So where could the rotation depth come from? First, here’s what the rotation depth looks like right now:
Jose De Paula
Something like this, anyway. Losing Manny Banuelos took away arguably the biggest name who seemed ticketed for Scranton/Wilkes-Barre. Can’t rule out the possibility of Luis Severino making a push for this group (but we’ll get to that in a bit).
So where else can the Yankees find internal rotation depth. Here are three basic ideas that involve three specific players:
Adam Warren — The “prioritize the rotation” approach
Basically, rob from the bullpen to give to the rotation. By going into camp with Warren getting stretched out and pitching on the same schedule as the five projected starting pitchers, the Yankees would give themselves an in-place sixth starter throughout the spring. Warren would be the immediate insurance should someone get hurt before Opening Day (which isn’t, you know, a crazy notion). Keeping him stretched out all spring would basically mean trusting that he could easily fall back into his bullpen role without really practicing it during the exhibitions. Could do something similar with Esmil Rogers.
Ivan Nova – The “trust the kids for a while” approach
There’s been no indication this offseason that Nova’s rehab from Tommy John surgery has fallen off the tracks. He could be ready in May or June, and if he’s still progressing toward a relatively early return, the Yankees could bank on Nova as the big boost while trusting guys like Mitchell, De Paula and Whitley to hold down the fort should a starting pitcher go down in April. Of course, putting much faith in Nova requires not only trusting the young guys, it also means trusting Nova’s elbow to be big league ready one year after surgery. Some pitchers say it takes more like two years to feel back to 100 percent.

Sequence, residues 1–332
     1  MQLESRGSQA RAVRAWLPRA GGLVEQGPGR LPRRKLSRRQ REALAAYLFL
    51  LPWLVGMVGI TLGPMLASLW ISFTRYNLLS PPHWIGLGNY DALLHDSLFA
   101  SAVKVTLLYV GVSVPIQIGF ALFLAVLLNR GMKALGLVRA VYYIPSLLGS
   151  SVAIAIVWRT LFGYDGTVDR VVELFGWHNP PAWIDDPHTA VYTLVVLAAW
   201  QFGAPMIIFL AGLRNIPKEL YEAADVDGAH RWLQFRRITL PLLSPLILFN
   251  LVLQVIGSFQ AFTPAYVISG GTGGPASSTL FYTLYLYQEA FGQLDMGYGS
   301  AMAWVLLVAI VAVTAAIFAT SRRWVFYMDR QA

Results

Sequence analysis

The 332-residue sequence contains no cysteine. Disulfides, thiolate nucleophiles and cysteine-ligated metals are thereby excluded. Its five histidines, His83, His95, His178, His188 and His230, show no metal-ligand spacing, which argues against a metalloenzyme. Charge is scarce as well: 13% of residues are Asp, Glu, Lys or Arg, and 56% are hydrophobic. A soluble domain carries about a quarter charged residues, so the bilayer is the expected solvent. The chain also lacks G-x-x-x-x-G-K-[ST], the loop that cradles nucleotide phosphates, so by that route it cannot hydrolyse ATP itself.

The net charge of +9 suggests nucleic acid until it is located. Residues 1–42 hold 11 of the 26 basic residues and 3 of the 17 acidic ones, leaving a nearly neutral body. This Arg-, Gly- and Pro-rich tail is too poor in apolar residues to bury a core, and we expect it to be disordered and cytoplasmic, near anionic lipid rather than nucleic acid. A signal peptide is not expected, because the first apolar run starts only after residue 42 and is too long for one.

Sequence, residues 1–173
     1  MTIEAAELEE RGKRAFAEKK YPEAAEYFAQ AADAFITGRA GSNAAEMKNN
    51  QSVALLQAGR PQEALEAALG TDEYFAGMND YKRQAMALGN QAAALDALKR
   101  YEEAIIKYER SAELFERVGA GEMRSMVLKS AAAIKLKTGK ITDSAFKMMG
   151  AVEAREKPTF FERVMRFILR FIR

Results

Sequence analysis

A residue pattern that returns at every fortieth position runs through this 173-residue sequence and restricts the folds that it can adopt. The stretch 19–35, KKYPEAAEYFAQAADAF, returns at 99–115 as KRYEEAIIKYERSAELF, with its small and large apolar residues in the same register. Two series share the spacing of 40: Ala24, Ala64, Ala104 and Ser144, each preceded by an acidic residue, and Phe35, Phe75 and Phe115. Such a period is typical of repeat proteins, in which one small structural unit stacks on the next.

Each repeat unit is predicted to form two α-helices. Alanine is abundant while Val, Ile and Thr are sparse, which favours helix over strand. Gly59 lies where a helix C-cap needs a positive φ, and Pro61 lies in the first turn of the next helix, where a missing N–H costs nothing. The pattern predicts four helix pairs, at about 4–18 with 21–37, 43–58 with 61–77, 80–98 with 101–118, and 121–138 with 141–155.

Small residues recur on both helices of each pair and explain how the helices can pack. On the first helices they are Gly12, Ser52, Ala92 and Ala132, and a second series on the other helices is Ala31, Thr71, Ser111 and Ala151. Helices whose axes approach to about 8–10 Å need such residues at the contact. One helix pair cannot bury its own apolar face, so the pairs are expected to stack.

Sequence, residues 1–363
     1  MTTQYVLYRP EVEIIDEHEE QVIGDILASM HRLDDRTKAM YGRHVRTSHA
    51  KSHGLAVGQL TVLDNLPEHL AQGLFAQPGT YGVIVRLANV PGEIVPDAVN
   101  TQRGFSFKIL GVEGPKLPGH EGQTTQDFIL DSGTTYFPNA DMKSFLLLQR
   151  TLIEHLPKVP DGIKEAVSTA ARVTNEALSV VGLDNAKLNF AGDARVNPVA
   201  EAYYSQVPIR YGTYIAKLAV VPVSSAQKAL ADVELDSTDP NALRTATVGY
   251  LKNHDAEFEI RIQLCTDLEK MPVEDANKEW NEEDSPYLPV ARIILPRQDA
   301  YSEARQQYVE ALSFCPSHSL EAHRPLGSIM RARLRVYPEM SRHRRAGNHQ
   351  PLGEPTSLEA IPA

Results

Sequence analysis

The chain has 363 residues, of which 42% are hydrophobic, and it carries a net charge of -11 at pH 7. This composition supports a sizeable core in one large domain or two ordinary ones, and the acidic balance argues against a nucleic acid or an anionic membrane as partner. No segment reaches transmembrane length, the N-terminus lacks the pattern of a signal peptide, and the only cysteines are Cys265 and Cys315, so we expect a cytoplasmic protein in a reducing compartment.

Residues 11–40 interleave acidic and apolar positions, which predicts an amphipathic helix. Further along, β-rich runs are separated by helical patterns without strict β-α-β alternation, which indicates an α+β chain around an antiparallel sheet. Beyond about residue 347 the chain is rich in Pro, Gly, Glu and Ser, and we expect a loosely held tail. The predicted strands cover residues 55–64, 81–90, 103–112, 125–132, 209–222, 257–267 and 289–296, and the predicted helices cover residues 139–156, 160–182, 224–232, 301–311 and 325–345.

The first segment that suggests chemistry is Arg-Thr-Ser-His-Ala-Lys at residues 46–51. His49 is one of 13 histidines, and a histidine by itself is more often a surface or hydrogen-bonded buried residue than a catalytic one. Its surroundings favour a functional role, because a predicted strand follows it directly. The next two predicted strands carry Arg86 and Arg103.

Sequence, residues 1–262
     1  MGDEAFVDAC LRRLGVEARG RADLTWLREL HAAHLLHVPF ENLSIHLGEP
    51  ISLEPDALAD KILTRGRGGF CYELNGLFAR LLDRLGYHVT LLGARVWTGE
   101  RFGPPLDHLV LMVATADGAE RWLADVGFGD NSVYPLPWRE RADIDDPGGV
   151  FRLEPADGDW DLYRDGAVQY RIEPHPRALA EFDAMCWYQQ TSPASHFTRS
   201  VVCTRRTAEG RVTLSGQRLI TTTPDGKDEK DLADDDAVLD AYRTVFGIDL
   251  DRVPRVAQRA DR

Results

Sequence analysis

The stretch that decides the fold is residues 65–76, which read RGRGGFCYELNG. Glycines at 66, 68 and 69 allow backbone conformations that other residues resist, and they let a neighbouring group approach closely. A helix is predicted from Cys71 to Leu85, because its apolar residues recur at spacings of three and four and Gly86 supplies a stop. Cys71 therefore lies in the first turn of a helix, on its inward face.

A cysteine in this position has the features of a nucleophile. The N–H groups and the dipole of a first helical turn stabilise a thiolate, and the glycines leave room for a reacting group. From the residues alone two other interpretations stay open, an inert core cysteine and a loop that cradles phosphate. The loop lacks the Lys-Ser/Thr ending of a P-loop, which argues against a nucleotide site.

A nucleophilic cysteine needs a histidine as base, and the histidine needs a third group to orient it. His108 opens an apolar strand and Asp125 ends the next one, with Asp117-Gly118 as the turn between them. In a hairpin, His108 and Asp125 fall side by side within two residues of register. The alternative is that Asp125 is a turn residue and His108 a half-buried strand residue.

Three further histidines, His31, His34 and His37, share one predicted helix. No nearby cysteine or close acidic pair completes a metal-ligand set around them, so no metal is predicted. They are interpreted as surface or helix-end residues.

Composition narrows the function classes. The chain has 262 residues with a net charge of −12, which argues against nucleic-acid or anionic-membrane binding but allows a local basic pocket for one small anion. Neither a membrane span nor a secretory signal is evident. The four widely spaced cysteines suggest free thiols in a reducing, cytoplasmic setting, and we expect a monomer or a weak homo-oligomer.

Luis Severino – The “get really greedy” approach
Last season, the Yankees top pitching prospect started the season in Low-A and finished in Double-A, where he had a 2.52 ERA and 1.04 WHIP to go with 29 strikeouts in six starts. Severino was awesome, and even though he’s still really young — turns 21 in February — he just might be the kind of guy who could grab everyone’s attention in big league camp, push to open the year in Triple-A, dazzle at that level and be in the big leagues within a few months. The Yankees could bank on Severino’s talent, believing that their system is ready to provide more than a fill-in rotation stopgap here and there. In Severino, the Yankees could see a legitimate 2015 big leaguer, and maybe a really good one.
Associated Press photos
The good news is, the Yankees added some rotation depth yesterday. The bad news is, it wasn’t by acquiring a front-end starter to make everyone feel better about the health concerns at the top of the rotation.
By re-signing Chris Capuano, the Yankees brought in an experienced lefty who pitched well in a fifth starter role last year. The good news is that he’s probably a little better than you’re thinking (his career numbers are nearly identical to the rock-solid results he put up with the Yankees last season), but the bad news is that the Yankees rotation still has an opening and is still crowded with uncertainty heading into next season.
Here’s a look at the Yankees starters in place — and the ones set to compete for a spot — as we move ever closer to pitchers and catchers reporting to spring training. As you might expect, with each one there’s some good news and some bad news.
Good news: Cy Young and Rookie of the Year candidate through his first three months in the big leagues.
Bad news: Slightly torn elbow ligament suggests Tommy John surgery is a real threat as early as spring training.
Good news: Finally joined the Yankees staff with a 1.89 ERA last season.
Bad news: That stellar ERA came in just 13 starts because of another shoulder issue.
Good news: Says he feels strong this winter; more than 200 innings in 2013 and a 3.38 ERA as recently as 2012.
Bad news: Coming back from knee surgery with a not-so-encouraging 4.87 ERA the past two seasons.
Good news: Farm system success story had a 3.10 ERA (and an especially good second half) in his last healthy season.
Bad news: Had Tommy John surgery after just four starts last season; not expected to be ready for Opening Day.
Good news: Solid No. 5 starter with a 4.25 ERA in 12 starts with the Yankees last season.
Bad news: Had been released and was pitching in Triple-A when the Yankees got him in July.
Good news: Was on a roll before a upper elbow injury (believed to be minor) pushed him to the DL last season.
Bad news: In three seasons has never quite established himself as a go-to member of the rotation.
Good news: Coming off a terrific, breakout season with a 2.97 ERA and a 1.11 WHIP.